Archive for May, 2011

The truth about the lies behind “The Secret”

Posted on May 25, 2011 in FiM, WaW

Because of my research on human happiness I am often asked what I think about the book The Secret. The short answer is that I think it is potentially dangerous. The book wraps a lot of misinformation and distortion around a few kernels of truth. Like most propaganda, it plays on peoples’ hopes and fears to draw them into its web of deceit. I want to take on some of these distortions and, at the same time, try to highlight and recast the small bits of truth.

A recent research study suggests that visualizing ourselves achieving valued goals or enjoying coveted successes may actually work against us ever obtaining those hoped-for outcomes. The researchers found that people who engaged in this positive self-imagining had less energy and devoted less effort toward those goals. Heather Kappes and Gabriele Oettingen found that positive fantasies seem to induce responses that would normally accompany achievement, responses like reducing energy and relaxing, rather than motivating the energy and persistence that are necessary for real achievement.


Setting stretch goals, on the other hand, can be very motivating. The key is to visualize why the goal really matters to you, what you need to do to achieve the goal, and how you can how you can mark progress toward it. This kind of positive visualization can have powerful motivating properties which can create lots of energy that actually help you do the work of striving toward the goal.


There are aspects of positive self-imagining that can be helpful. A group of fantastic researchers at the University of Michigan describe how a method they call the “reflected best self” can help us gain important insights about ourselves and then put those insights to good use (Roberts et al, 2005). Ken Sheldon and Sonja Lyubomirsky support those claims with good science. It’s not magic, but used correctly, the reflected-best self can lead to significant growth and help us achieve important goals.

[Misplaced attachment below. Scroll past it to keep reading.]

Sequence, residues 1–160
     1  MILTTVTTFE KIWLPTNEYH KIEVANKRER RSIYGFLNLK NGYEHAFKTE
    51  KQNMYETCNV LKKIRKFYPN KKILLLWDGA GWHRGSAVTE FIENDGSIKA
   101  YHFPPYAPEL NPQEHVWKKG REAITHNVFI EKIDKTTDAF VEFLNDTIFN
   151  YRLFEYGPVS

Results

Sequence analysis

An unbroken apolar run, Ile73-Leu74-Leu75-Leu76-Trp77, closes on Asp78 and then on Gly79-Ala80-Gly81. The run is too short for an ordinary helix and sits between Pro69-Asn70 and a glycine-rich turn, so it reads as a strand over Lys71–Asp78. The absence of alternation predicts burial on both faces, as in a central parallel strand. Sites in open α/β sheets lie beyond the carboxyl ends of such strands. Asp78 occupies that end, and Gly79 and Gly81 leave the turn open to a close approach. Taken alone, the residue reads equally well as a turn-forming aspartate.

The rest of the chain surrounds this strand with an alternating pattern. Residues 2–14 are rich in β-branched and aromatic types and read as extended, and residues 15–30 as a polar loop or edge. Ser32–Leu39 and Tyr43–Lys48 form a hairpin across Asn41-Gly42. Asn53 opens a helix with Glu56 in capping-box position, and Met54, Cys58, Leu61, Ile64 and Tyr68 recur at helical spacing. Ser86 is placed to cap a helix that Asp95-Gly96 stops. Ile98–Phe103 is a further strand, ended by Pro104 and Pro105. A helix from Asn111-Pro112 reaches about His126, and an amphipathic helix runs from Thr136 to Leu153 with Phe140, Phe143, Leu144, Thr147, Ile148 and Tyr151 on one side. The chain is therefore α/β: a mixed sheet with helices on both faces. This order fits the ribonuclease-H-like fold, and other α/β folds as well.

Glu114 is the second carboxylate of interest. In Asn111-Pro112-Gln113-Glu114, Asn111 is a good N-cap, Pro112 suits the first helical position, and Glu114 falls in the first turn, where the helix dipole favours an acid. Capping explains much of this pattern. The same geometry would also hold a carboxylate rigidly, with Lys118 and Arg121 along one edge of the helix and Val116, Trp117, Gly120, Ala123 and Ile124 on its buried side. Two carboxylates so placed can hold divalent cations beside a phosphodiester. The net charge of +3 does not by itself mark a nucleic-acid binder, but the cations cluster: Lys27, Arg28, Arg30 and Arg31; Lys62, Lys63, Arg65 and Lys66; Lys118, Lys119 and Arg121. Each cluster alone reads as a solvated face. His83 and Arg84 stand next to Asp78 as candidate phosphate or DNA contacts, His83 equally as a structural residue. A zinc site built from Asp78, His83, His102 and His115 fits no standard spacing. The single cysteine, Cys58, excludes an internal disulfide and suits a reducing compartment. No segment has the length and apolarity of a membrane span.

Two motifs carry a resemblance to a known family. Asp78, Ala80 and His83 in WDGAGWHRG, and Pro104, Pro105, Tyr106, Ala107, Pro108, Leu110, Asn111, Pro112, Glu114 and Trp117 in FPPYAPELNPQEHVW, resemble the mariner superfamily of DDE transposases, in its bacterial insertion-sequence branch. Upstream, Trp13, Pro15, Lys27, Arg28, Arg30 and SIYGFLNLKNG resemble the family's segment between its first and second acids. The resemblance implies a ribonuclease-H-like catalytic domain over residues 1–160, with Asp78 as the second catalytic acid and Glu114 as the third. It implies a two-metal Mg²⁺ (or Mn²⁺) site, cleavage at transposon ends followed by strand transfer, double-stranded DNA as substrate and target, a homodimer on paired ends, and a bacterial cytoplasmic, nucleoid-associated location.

Kappes, H., and Oettingen, G. (2011). Positive fantasies about idealized futures sap energy. Journal of Experimental Social Psychology, 47 (4), 719-729


Roberts, L. M., Dutton, J. E., Spreitzer, G. M., Heaphy, E. D., & Quinn, R. E. 2004. Composing the reflected best-self portrait: Building pathways for becoming extraordinary in work organizations. Academy of Management Review, 4, 712-736.


Sheldon K. M.and Lyubomirsky, S. (2006) How to increase and sustain positive emotion: The effects of expressing gratitude and visualizing best possible selves. [Special Issue: Positive Emotions], The Journal of Positive Psychology , 1, 73–82

The power of self-forgiveness

Posted on May 5, 2011 in WaW

Self-forgiveness might sound like new-age hocus pocus, but research is showing that it is real, and that it matters. A recent study found that students who forgave themselves after an initial bout of procrastination were less likely to repeat their avoidant behavior. Those students who did not study for a first test, but forgave themselves, were more likely to study for the next exam.

It’s probably easy to see some of the implications of this research. Those of us who are hard on ourselves might be self-handicapping. While it is good to have high expectations for ourselves [more on the Galatea effect soon], we also need to be careful about being too hard on ourselves when we do not perform up to those expectations. Doing so might be self-defeating behavior.

Of course, there is always a middle ground here. We don’t want to accommodate or excuse negative behavior, but self-forgiveness seems to involve recognizing what we did wrong, identifying how we can do better, and then stopping ourselves from ruminating on our conduct too long. We need to get it, then get over it!

Wishing you much happiness


Research citation: Wohl, M., Pychyl, T., & Bennett, S. (2010). I forgive myself, now I can study: How self-forgiveness for procrastinating can reduce future procrastination. Personality and Individual Differences, 48 (7), 803-808

Doodlers learn more?

Posted on May 5, 2011 in FiM

Today I have the privilege of presenting some of our research to a fantastic group of UCC ministers. And, it is is Boston. A double-dip of happiness. Thinking of me presenting also conjured up thoughts of boredom, and some advice I would give to those great people who will listen to me today: doodling can help you pay attention when the speaker is not captivating enough.

There is a famous story about this that involves Tony Blair, Bill Gates, and some doodles found after an important speech. The basic story is that the doodles were mistakenly attributed to Tony Blair and it was claimed that the doodles indicated that he was not paying attention to the speaker. The doodles were evidently drawn by Bill Gates, and researchers have since found that doodling can help us pay attention better. The short story is that drawing occupies part of our attention so we can more fully direct the rest toward the important, but not-so-engaging speech.

So, this might be good to remember when you see congregation members drawing during your sermon. Even if they are not taking notes, they are paying attention.


[Yes, I am an inveterate doodler]

Here is a New York Times piece on this research.